Cabin pressure

Court rightly refuses to be drawn into govt-pilots standoff. Govt must solve the problem it created

Written by The Indian Express | Published:May 14, 2012 3:49 am

Court rightly refuses to be drawn into govt-pilots standoff. Govt must solve the problem it created

It is as if irresponsibility has become endemic in Air India. First,a pilots’ union,the now de-recognised Indian Pilots Guild,strikes work yet again,this time in the middle of a lucrative holiday season,inconveniencing passengers for almost a week and plunging the cash-strapped carrier into a greater financial crisis. Then,the state-run airline rushes to the Supreme Court for help,pleading that the protesting pilots are,in fact,in contempt of the court as their strike violated its previous order on the training schedule for the Boeing Dreamliners — that an equal number of pilots from pre-merger AI and the Indian Airlines be given training. The court has,rightly,refused to entertain the petition,which was little more than the government trying to wash its hands of the problem and passing it on to the judiciary.

It is incredible that the government — which has of late complained of the judiciary interfering in its domain — should have sought to drag the courts into a mess of its own making. This also brings into greater relief the government’s inability to square up to problems besetting “the national carrier” — to which much misplaced pride has been attached and massive funds poured in. For a carrier with outstanding loans and dues worth Rs 67,520 crore,a bailout of Rs 30,000 crore over nine years was granted last month. Then a suddenly tough-talking civil aviation minister,Ajit Singh,pointed out that it comes with caveats — the airline must maintain on-time performance of up to 90 per cent,passenger load of about 73 per cent and improve yields. Nobody seems to have paid attention to the fact that in the on-going strike,AI is losing over Rs 10 crore a day due to cancellation of flights.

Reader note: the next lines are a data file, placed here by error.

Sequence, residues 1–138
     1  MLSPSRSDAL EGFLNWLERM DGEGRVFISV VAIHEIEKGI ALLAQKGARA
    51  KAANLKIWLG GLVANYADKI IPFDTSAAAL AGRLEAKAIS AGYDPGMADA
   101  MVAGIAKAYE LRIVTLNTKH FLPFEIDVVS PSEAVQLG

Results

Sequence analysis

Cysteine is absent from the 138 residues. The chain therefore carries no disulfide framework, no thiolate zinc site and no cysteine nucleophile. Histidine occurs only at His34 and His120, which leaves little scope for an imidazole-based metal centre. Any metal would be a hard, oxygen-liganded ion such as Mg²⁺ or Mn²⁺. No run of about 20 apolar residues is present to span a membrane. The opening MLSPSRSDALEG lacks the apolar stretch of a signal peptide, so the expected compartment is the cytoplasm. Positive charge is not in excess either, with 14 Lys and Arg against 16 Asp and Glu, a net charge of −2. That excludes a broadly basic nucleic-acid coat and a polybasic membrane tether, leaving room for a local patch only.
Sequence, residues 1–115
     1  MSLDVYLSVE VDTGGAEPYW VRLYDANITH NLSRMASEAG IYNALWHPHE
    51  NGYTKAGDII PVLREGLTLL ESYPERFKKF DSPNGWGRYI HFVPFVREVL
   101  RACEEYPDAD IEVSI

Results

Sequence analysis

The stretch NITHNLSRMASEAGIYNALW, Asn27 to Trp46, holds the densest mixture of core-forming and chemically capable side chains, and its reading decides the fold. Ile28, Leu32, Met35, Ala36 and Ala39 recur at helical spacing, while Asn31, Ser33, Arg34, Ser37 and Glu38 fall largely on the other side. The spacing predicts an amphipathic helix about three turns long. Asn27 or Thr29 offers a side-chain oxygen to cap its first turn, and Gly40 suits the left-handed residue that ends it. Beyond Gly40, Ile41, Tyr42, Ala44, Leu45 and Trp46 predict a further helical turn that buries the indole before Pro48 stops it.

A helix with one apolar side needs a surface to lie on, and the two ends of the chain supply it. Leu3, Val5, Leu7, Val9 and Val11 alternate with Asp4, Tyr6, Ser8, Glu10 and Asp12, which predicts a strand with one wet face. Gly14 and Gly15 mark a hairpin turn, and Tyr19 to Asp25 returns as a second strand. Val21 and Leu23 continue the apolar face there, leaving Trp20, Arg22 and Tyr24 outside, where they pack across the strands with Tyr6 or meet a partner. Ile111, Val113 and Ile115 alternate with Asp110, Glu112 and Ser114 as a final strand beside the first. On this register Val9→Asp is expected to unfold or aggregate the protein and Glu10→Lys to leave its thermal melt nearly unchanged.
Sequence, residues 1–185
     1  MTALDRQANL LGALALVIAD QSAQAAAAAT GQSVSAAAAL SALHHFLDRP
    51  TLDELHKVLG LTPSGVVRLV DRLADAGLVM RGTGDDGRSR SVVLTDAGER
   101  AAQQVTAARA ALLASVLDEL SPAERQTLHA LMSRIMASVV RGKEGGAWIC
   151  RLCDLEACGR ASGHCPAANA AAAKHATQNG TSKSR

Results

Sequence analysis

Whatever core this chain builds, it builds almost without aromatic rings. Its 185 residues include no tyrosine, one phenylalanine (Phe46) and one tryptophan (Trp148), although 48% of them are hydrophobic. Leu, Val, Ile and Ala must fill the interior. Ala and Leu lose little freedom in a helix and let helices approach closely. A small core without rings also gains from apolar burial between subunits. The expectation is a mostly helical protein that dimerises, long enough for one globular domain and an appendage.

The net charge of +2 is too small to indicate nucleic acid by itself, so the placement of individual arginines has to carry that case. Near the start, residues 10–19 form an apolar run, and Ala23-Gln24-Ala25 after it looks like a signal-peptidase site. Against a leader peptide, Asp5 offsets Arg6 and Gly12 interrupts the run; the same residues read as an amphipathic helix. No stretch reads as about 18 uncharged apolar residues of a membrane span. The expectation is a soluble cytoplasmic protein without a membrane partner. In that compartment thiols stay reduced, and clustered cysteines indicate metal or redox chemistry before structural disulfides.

The government must pay heed to what the SC bench has said: “You. sort out the differences.” The minister has said the government is ready for discussion with the pilots. But he should also recognise that short-term,piecemeal measures cannot undo the damage. It needs an overhaul that has been long overdue.

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